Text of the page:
Approximately 5,370 children were adopted from other countries and brought to the United States in 2016. The majority of international adoptions involved children from China, Ethiopia, and Russia. Choosing to adopt a child from a foreign country comes with its own unique hurdles and benefits. One of the questions many parents of internationally adopted children face is how to incorporate the child’s heritage in his or her life. A new scientific study suggests that this task might be easier than prospective parents may think. The study shows that babies who are adopted before they learn to talk still retain some of the ability to speak their home country’s language.
Study Shows Language Acquisition Begins Very Early in Life
The study, led by Dr. Jiyoun Choi of Hanyang University in South Korea examined adults who had been adopted as babies from South Korea by Dutch-speaking parents. The participants were tested on their ability to pronounce Korean consonants correctly compared to participants who were not born in Korea. The research team found that individuals who were adopted out of Korea before they learned to speak could pronounce the Korean consonants better than other individuals. In fact, there was no difference between the speaking ability of those people adopted under the age of 6 months and those adopted after they were 17 months old. Dr. Choi explains, “This finding indicates that useful language knowledge is laid down in [the] very early months of life, which can be retained without further input of the language and revealed via re-learning.” The results of the test were profound because Dutch and Korean are vastly different languages with very different sounding consonants.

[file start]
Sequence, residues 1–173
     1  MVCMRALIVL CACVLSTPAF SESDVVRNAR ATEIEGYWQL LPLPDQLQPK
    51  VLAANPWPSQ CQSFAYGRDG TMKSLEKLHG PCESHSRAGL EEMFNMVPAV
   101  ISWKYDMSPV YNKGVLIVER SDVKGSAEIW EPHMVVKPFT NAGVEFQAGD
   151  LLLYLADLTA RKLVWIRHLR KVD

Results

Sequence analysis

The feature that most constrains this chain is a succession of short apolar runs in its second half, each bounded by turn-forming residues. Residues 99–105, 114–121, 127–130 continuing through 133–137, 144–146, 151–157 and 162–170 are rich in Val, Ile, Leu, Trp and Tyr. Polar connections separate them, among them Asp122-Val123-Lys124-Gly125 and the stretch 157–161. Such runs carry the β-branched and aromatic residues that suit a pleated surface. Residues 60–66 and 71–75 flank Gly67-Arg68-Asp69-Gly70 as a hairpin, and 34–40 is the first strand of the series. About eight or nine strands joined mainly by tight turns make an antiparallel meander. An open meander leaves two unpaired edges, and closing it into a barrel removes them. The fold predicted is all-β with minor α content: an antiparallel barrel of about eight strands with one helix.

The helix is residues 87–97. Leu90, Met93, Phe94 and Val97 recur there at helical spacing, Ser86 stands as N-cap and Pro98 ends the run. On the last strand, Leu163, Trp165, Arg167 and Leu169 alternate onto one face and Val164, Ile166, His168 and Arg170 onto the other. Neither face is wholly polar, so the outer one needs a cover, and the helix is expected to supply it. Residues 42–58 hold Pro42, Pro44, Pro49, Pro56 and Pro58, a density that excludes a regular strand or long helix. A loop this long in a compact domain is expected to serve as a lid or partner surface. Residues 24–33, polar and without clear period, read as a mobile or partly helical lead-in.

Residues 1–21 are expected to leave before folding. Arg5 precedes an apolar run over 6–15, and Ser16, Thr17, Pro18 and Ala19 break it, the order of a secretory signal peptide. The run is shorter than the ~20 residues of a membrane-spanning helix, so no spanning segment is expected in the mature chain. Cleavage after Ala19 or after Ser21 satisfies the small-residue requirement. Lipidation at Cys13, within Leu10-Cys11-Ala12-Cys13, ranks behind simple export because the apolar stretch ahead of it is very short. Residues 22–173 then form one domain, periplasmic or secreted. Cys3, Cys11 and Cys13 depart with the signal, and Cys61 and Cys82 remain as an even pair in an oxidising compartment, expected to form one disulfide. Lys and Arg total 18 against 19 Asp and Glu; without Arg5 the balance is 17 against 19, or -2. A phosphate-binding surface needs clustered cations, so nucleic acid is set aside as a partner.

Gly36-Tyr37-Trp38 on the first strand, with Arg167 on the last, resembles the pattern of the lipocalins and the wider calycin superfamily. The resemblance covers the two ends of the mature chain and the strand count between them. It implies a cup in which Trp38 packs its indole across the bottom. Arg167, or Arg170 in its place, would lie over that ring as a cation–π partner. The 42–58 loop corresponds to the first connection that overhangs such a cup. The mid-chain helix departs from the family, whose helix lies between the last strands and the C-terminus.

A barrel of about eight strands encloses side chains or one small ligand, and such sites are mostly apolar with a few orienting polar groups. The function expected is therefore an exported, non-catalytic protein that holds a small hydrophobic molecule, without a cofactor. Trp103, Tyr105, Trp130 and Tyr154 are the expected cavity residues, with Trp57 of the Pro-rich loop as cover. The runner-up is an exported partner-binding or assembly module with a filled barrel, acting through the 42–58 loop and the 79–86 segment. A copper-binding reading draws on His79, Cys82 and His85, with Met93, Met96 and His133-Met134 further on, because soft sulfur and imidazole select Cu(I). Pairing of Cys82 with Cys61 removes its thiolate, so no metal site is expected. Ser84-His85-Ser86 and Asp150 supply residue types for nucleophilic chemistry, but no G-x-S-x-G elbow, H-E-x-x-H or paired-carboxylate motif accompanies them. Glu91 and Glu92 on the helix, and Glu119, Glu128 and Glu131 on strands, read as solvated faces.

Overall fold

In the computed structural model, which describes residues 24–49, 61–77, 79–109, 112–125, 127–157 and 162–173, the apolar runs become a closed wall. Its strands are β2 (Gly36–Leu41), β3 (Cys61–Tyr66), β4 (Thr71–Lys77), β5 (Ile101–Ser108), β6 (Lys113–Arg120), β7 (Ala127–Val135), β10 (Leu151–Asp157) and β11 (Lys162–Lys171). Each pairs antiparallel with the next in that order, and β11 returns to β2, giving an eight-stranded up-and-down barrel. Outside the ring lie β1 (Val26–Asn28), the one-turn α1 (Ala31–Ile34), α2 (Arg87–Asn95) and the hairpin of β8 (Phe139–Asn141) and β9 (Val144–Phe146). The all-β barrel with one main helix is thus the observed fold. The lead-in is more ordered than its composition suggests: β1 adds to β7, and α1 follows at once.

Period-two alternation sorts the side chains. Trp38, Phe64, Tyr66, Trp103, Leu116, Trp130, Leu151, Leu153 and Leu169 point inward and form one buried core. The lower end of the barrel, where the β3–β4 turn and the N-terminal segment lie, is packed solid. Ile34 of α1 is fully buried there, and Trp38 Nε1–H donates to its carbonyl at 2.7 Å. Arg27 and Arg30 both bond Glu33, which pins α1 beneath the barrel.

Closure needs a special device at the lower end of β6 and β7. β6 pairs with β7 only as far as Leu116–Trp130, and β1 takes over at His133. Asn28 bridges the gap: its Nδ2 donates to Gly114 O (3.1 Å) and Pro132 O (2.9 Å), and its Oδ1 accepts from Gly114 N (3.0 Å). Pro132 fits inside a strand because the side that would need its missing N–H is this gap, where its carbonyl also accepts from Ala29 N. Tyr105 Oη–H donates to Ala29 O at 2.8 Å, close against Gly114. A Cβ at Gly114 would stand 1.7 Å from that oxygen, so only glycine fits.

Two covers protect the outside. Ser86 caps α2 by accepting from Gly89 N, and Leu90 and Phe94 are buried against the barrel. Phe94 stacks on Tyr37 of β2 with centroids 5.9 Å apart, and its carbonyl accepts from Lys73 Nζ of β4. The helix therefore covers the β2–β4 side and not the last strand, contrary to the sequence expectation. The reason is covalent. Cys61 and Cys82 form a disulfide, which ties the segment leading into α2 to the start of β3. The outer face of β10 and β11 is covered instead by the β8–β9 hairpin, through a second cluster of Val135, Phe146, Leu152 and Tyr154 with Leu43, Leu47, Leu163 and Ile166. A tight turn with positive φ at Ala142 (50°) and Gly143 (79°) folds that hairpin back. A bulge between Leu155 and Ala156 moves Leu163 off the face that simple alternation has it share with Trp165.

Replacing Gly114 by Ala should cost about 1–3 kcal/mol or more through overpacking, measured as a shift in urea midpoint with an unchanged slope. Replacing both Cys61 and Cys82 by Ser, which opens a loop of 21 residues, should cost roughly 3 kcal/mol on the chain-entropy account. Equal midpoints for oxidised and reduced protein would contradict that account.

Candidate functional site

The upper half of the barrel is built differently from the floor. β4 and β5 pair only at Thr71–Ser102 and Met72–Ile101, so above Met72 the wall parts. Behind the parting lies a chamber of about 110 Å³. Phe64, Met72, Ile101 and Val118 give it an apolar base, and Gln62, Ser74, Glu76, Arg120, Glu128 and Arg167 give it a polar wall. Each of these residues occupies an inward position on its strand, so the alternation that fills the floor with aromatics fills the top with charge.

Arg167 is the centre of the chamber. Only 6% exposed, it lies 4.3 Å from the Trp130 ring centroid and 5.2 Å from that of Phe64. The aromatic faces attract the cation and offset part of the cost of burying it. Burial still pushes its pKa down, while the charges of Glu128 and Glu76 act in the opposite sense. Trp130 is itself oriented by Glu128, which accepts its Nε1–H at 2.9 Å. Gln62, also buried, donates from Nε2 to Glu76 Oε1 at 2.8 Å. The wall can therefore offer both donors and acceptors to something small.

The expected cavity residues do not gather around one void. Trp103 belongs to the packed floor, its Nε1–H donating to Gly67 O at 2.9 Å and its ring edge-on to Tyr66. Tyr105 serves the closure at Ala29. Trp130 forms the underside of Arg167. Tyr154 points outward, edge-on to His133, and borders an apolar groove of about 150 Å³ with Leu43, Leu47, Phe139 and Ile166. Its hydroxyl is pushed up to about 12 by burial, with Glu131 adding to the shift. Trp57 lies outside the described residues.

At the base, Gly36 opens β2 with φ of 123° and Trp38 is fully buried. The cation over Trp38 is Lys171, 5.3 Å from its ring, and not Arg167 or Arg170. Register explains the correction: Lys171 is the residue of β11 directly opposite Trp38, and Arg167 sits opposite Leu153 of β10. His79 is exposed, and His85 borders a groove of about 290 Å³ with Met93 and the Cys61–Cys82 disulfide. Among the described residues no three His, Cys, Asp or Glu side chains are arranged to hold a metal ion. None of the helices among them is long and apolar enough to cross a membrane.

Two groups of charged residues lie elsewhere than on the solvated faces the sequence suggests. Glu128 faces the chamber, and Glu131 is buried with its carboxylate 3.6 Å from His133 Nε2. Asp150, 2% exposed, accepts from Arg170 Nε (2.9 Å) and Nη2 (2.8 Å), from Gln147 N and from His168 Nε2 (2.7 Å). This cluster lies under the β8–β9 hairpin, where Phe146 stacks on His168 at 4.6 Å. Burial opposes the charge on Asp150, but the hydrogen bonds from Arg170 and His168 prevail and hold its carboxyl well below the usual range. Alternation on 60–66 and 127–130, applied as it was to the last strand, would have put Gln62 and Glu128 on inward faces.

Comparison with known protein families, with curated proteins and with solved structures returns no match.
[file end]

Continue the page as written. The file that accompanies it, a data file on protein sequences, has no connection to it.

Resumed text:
Dr. Choi encourages all parents to talk to their children during the first months of their lives as much as possible. Even if a child is not yet talking, he or she is absorbing a great deal that will be helpful down the road.
International Adoption Concerns
Language, culture, and heritage are just a few of the factors you will need to consider when you choose to adopt a child from another country. It is up to you and your family to determine how many or how few of your child’s native customs and traditions to embrace. Keep in mind, however, that children who struggle with their own identity could be at risk for mental health concerns, including depression, as they get older.
If you are thinking about adopting a child from another country, you probably have many questions, concerns, and hopes for the future. At Bochte, Kuzniar & Navigato, P.C., our experienced Kane County adoption attorneys are equipped to help you find the answers you need. We maintain a vast network of resources for adoptive parents, and we will work with you provide the best possible situation for your adopted child. Call 630-377-7770 for a free consultation today.